Church discipline gone wrong?

Discussion in 'General Baptist Discussions' started by pk4life, Jul 30, 2013.

  1. pk4life

    pk4life
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    There has been a few incidents in my life time, where I have seen "church discipline" take place.

    Once, a young, unmarried girl who had become pregnant, stood in front of the church, and apologized for her sin of fornication. The pastor then gave her a hug, and she was greeted by many people afterward. That girl stopped going to the church soon after.

    Another time, a man had gotten into a sexual sin, and the pastor admitted that the man had "apologized profusely" in a meeting with just he and the pastor. The man was told he should go through church discipline, and was stripped of his duties in the church. He then got in front of the church members, and apologized for what he had done. The man had a falling out with the pastor some months down the road, and left the church.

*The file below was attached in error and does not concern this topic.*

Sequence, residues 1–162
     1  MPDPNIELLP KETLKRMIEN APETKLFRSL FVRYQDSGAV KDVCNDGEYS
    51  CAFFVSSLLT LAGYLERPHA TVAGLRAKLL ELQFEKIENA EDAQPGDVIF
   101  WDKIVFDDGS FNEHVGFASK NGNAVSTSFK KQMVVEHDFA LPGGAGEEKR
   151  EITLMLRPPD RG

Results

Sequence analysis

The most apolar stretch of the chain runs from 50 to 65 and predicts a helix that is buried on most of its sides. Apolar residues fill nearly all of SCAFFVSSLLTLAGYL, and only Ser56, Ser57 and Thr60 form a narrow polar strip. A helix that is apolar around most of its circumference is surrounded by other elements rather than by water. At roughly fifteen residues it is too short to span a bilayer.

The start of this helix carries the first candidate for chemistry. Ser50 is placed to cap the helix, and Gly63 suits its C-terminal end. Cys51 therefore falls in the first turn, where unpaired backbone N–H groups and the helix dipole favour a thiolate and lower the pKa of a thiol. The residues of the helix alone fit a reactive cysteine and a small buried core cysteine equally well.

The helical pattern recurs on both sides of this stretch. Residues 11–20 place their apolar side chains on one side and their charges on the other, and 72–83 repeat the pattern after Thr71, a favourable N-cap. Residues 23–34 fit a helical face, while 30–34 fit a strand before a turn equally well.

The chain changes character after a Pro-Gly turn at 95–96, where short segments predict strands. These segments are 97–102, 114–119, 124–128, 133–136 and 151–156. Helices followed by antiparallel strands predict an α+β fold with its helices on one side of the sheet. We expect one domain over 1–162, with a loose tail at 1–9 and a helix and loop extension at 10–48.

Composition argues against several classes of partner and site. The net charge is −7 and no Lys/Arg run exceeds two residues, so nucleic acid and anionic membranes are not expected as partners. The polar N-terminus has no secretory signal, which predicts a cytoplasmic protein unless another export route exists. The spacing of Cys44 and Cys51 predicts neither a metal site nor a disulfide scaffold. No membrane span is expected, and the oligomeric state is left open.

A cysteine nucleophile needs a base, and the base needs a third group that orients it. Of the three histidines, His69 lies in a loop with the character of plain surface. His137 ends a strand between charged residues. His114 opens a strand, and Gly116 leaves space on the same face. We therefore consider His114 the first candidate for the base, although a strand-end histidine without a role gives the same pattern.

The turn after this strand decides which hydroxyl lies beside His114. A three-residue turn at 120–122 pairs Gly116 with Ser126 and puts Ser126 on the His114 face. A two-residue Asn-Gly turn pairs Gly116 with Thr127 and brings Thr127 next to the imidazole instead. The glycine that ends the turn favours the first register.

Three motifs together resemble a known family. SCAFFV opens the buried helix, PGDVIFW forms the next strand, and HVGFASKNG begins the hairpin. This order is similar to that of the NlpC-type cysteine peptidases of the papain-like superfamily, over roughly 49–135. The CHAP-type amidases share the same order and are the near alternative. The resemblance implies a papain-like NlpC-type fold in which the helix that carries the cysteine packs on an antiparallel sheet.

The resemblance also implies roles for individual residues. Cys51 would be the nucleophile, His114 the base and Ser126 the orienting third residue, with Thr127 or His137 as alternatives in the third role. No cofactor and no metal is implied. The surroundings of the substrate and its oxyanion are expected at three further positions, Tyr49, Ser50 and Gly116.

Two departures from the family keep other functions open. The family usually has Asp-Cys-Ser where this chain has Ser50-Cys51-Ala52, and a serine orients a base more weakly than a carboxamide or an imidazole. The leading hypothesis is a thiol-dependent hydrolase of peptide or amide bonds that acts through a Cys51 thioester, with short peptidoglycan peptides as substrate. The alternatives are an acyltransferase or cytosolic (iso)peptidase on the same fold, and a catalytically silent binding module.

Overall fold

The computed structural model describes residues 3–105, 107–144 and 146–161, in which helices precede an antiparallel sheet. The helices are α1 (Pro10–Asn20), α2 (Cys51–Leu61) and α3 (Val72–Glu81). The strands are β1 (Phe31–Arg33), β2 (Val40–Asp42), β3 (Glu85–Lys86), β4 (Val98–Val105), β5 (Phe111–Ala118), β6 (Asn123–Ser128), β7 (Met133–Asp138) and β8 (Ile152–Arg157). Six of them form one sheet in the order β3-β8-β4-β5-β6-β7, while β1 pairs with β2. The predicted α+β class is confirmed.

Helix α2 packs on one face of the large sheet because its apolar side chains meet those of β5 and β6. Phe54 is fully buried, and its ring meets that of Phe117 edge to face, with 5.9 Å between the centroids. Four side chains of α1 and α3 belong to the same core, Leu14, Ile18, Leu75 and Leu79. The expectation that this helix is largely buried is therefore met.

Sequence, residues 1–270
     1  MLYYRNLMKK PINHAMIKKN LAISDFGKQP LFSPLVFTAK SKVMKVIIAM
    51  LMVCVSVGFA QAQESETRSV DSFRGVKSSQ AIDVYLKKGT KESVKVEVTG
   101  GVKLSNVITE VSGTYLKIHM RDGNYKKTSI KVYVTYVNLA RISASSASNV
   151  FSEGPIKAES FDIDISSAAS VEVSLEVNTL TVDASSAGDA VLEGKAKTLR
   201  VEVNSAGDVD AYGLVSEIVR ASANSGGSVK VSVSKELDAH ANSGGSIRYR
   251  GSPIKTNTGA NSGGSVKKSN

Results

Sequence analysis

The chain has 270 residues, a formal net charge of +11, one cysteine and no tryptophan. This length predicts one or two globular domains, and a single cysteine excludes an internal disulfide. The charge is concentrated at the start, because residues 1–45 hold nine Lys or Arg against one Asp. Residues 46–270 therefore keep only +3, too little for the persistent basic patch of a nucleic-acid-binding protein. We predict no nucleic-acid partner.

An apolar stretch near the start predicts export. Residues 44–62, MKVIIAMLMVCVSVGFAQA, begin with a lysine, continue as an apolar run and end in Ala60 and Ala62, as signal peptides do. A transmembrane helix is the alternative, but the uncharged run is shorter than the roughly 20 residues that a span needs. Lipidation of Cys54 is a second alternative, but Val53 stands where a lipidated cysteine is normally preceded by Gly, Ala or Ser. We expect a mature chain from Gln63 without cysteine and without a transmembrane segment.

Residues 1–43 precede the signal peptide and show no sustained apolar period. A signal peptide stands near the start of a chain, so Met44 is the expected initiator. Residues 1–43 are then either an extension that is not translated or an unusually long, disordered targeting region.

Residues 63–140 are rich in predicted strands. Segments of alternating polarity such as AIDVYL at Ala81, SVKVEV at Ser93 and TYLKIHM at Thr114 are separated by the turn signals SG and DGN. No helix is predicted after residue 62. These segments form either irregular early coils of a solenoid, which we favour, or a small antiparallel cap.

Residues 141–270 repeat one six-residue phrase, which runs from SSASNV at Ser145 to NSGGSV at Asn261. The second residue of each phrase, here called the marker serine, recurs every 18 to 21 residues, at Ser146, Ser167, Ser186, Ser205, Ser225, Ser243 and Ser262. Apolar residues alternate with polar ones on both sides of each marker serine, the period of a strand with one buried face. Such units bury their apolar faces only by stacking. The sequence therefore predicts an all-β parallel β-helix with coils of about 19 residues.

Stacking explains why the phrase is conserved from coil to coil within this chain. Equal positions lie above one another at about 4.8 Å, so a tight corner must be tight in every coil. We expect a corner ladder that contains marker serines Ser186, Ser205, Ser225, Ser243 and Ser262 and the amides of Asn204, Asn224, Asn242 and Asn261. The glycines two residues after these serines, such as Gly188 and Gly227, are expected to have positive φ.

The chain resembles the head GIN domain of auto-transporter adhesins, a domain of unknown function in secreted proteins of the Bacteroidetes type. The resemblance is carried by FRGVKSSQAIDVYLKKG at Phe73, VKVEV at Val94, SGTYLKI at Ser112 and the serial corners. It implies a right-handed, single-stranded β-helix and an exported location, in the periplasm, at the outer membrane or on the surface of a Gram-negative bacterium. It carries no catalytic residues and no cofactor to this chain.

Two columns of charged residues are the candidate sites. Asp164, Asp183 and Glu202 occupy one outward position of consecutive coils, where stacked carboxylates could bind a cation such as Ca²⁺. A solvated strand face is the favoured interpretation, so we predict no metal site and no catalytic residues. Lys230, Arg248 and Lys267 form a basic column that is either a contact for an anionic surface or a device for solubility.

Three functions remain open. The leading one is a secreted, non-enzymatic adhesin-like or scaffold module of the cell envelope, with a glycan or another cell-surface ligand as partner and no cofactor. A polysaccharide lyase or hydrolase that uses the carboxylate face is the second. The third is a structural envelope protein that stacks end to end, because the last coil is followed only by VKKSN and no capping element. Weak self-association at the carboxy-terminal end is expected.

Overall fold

Where does this idea of apologizing for your sins in front of a church come from?
     
  2. Revmitchell

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    The only time someone should be brought before the church is if they are unrepentant.
     
  3. Havensdad

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    True, though we are commanded in a general sense to confess our sins to one another...(James 5:16)
     
  4. Zaac

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    The pattern is from Matthew 18:15-17 and how to respond with a brother who has wronged you.